After the successful offensive on the Thessaloniki front which knocked Bulgaria out of the war, Romania re-entered the war on November 10, 1918. Thessaloniki or Salonica (Greek: ) is Greeces second-largest city and the capital of Macedonia, the largest Region of Greece. ... is the 314th day of the year (315th in leap years) in the Gregorian calendar. ... 1918 (MCMXVIII) was a common year starting on Tuesday of the Gregorian calendar (see link for calendar) or a common year starting on Wednesday of the Julian calendar. ...


Bulgarian Campaign

In the aftermath of the Balkan Wars Bulgarian opinion turned against Russia and the western powers, whom the Bulgarians felt had done nothing to help them. The government aligned Bulgaria with Germany and Austria-Hungary, even though this meant also becoming an ally of the Ottomans, Bulgaria's traditional enemy. But Bulgaria now had no claims against the Ottomans, whereas Serbia, Greece and Romania (allies of Britain and France) were all in possession of lands perceived as Bulgarian. Bulgaria, recuperating from the Balkan Wars, sat out the first year of World War I, but when Germany promised to restore the boundaries of the Treaty of San Stefano, Bulgaria, which had the largest army in the Balkans, declared war on Serbia in October 1915. Britain, France and Italy then declared war on Bulgaria.


Although Bulgaria, in alliance with Germany, Austria-Hungary and the Ottomans, won military victories against Serbia and Romania, occupying much of Macedonia (taking Skopje in October), advancing into Greek Macedonia, and taking Dobruja from the Romanians in September 1916, the war soon became unpopular with the majority of Bulgarian people, who suffered enormous economic hardship. The Russian Revolution of February 1917 had a great effect in Bulgaria, spreading antiwar and anti-monarchist sentiment among the troops and in the cities.


In September 1918 the Serbs, British, French, Italian, Russian, and Greeks achieve penetration on the Macedonian front, triggering revolts in the troops. Tsar Ferdinand was forced to sue for peace. In order to head off the revolutionaries, he persuaded Ferdinand to abdicate in favour of his son Boris III. The revolutionaries were suppressed and the army disbanded. Under the Treaty of Neuilly (November 1919), Bulgaria lost its Aegean coastline to Greece and nearly all of its Macedonian territory to the new state of Yugoslavia, and had to give Dobruja back to the Romanians (see also Dobruja, Western Outlands, Western Thrace).


Macedonian front

In 1915 the Austrians gained military support from Germany and, with diplomacy, brought in Bulgaria as an ally. Serbian forces were attacked from both north and south and were forced to retreat. The retreat was skillfully carried out and the Serbian army remained operational, even though it was now based in Greece. The front stabilised roughly around the Greek border, through the intervention of a Franco-British-Italian force which had landed in Salonica. The German generals had not let the Bulgarian army advance towards Salonika, because they hoped they could persuade the Greeks to join the Central powers. Three years later (1918) this mistake was already irreparable. Combatants Central Powers:  Austria-Hungary  German Empire Bulgaria Allied Powers: Serbia  France (1915-1918) United Kingdom (1915-1918) Greece (1916-1918) Italy (1916-1918) Commanders August von Mackensen Oskar Potiorek Nikola Zhekov Petar Bojović Živojin MiÅ¡ić Maurice Sarrail Adolphe Guillaumat Franchet dEsperey George Milne Panagiotis Danglis Conquest of... Thessaloniki or Salonica (Greek: ) is Greeces second-largest city and the capital of Macedonia, the largest Region of Greece. ... The White Tower The Arch of Galerius Map showing the Thessaloníki prefecture Thessaloníki (Θεσσαλονίκη) is the second-largest city of Greece and is the principal city and the capital of the Greek region of Macedonia. ...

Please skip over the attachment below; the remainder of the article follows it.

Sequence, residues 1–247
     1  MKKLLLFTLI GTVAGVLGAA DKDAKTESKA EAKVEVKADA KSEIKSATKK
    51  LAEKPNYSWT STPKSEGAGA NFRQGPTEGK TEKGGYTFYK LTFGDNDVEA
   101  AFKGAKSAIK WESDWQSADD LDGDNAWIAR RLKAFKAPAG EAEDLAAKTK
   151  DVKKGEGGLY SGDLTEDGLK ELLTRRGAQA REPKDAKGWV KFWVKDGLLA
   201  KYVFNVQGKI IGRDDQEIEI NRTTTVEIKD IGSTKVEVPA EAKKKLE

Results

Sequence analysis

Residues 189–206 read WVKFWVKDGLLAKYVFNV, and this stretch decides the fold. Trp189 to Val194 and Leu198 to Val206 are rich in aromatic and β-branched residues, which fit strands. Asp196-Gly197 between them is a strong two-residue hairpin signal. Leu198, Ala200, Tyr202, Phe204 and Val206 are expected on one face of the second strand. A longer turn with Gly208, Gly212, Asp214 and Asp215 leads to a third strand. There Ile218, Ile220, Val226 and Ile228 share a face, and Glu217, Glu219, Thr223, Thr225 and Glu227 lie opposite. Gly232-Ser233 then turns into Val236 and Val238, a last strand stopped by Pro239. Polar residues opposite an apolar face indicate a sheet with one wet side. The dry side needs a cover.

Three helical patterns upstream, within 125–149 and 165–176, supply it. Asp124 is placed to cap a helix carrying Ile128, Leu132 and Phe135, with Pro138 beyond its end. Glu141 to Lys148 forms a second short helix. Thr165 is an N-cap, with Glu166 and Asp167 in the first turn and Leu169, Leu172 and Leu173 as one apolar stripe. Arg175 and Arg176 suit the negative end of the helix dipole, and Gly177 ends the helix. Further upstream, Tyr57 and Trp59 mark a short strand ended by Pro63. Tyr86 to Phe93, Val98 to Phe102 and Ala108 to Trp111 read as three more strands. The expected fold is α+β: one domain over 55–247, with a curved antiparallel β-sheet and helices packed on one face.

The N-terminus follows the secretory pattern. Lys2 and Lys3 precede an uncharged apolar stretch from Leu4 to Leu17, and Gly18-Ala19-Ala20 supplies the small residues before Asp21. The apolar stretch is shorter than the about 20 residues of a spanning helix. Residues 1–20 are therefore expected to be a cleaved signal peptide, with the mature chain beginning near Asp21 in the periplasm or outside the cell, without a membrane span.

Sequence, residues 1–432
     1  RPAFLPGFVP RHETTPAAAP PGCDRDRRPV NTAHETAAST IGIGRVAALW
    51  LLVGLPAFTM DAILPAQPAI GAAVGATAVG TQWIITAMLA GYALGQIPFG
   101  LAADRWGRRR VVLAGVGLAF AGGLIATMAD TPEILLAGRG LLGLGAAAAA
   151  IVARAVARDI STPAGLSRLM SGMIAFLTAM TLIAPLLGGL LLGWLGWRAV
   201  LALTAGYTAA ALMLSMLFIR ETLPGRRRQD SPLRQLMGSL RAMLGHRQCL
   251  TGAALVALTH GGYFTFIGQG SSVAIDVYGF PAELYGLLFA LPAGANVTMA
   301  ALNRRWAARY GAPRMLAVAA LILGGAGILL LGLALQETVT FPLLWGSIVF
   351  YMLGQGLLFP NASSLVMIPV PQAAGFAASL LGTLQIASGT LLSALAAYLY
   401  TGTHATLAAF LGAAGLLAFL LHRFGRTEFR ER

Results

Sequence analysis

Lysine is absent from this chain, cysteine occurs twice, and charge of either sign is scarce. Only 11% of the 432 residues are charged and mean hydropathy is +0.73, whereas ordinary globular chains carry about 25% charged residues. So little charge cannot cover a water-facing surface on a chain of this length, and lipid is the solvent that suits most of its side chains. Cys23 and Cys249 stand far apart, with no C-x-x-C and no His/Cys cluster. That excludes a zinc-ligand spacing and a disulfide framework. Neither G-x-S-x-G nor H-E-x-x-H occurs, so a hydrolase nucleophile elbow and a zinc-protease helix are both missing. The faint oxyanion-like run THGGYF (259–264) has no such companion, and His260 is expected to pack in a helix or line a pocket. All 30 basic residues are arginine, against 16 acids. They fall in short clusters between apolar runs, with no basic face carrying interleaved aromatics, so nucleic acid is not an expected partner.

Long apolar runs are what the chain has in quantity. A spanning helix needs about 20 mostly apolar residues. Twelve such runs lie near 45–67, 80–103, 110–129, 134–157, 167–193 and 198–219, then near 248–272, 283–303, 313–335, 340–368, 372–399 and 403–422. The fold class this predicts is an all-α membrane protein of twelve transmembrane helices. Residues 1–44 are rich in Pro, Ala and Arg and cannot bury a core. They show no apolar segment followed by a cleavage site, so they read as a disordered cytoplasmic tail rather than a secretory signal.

In 1918, after a prolonged build-up, the Allies, under the energetic French General Franchet d'Esperey leading a combined French, Serbian, Greek and British army, attacked out of Greece. His initial victories convinced the Bulgarian government to sue for peace. He then attacked north and defeated the German and Austrian forces that tried to halt his offensive. By October 1918 his army had recaptured all of Serbia and was preparing to invade Hungary proper. The offensive halted only because the Hungarian leadership offered to surrender in November 1918. Louis Félix Marie François Franchet dEspèrey ( 25 May 1856 – 3 July 1942) was a French general during the First World War. ...


Results

While the Allies hoped that the addition of Greece and Romania to their side would increase their strength against the Central Powers, in actual fact, both the Greeks and the Romanians cost the Allies extra, in terms of men and materials that had to be supplied in order to save them from destruction by the German, Austria, and Bulgarian armies.


The Russians had to pour extra divisions and supplies to keep the Romanian army from being utterly destroyed. According to John Keegan, the Russian Chief of Staff, General Alekseev was very dismissive of the Romanian army and argued that they would drain, rather than add to the Russian reserves (John Keegan, World War I, pg 307). Alekseev was proved correct in his analysis. 07:55, 7 Jan 2005 (UTC) Categories: Possible copyright violations ...


The French and British kept six divisions each on the Greek frontier from 1916 till the end of 1918. Originally, the French and British went to Greece to help Serbia, but with Serbia's conquest in the fall of 1915, their continued presence was pointless. For nearly three years, these divisions accomplished essentially nothing and only tied down half of the Bulgarian army, which wasn't going to go far from Bulgaria in any event.


In fact, Keegan argues that "the installation of a violently nationalist and anti-Turkish government in Athens, led to Greek mobilization in the cause of the "Great Idea" - the recovery of the Greek empire in the east - which would complicate the Allied effort to resettle the peace of Europe for years after the war ended." (Keegan pg. 308).